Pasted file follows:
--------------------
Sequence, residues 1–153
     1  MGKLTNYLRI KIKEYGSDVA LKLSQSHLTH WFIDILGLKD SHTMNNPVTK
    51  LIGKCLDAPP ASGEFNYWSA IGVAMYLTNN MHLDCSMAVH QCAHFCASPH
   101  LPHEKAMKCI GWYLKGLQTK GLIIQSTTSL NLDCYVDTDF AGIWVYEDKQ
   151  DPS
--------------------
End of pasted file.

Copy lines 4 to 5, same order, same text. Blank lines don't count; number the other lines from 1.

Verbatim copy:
   101  LPHEKAMKCI GWYLKGLQTK GLIIQSTTSL NLDCYVDTDF AGIWVYEDKQ
   151  DPS